Rot is one of the easiest types of damage to spot because it's usually visible from the ground. Wood shingles are susceptible to water damage, usually forming on the butt or lower edge of the shingle first. It's often accompanied by moss, which is even easier to see from a distance. Besides moss, you can identify rot by the frayed texture or splits along your shakes' bottom edges. It occurs more frequently near gutters and along the trim.
Punctures occur after direct hailstones. Once a puncture occurs, it could go through several layers of the roof, causing significant damage. You may need a total roof replacement.
Sometimes, homeowners mistake regular erosion for punctures. Decay that forms in rounded indentations may look like punctures, except that they don't go through the whole shingle. Erosion makes a roof more likely to become damaged in a storm and can also require repair and attention.
How to Perform a Visual Inspection and Determine If You Need a Professional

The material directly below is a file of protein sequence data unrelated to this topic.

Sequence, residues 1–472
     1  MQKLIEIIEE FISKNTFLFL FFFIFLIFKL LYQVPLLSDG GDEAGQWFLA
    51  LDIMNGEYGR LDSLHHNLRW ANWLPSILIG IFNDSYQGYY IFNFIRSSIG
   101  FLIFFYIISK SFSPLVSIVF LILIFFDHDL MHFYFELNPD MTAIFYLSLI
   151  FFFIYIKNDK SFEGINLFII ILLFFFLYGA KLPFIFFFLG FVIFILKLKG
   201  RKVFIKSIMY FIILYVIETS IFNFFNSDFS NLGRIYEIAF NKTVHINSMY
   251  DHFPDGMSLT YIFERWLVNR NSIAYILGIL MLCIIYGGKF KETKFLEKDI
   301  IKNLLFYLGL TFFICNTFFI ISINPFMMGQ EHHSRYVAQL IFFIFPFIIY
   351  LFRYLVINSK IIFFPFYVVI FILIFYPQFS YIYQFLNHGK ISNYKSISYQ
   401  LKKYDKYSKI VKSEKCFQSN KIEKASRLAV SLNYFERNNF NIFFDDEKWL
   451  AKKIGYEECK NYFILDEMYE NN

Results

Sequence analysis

Knowing when to repair or replace cedar shingles can be a bit of a guessing game until you involve a professional. Still, you can perform your own visual inspection first to decide if it's time to get a professional opinion. This will help you rule out cosmetic damage that's not an immediate threat to your roof.
A few steps you can take as part of a basic self-inspection include:
Consider your roof's age: Figure out when your roof was first built or last replaced. This will give you a good indication of the expected state of your roof. An older roof will have more natural wear and tear.
Inspect from the ground: Most of what you need to see is visible from the ground. Don't climb a ladder or get up onto your roof. It's unnecessary and dangerous. Additionally, climbing onto an older roof could cause footfall damage.
Examine the outside: Have a notebook and your phone's camera ready to record the signs of damage you want to keep an eye on or show to a professional. First, look around for any trees or branches that rub up against the roof or drop debris. Then, check for missing shingles, moss, water discoloration and uneven bleaching from the sun.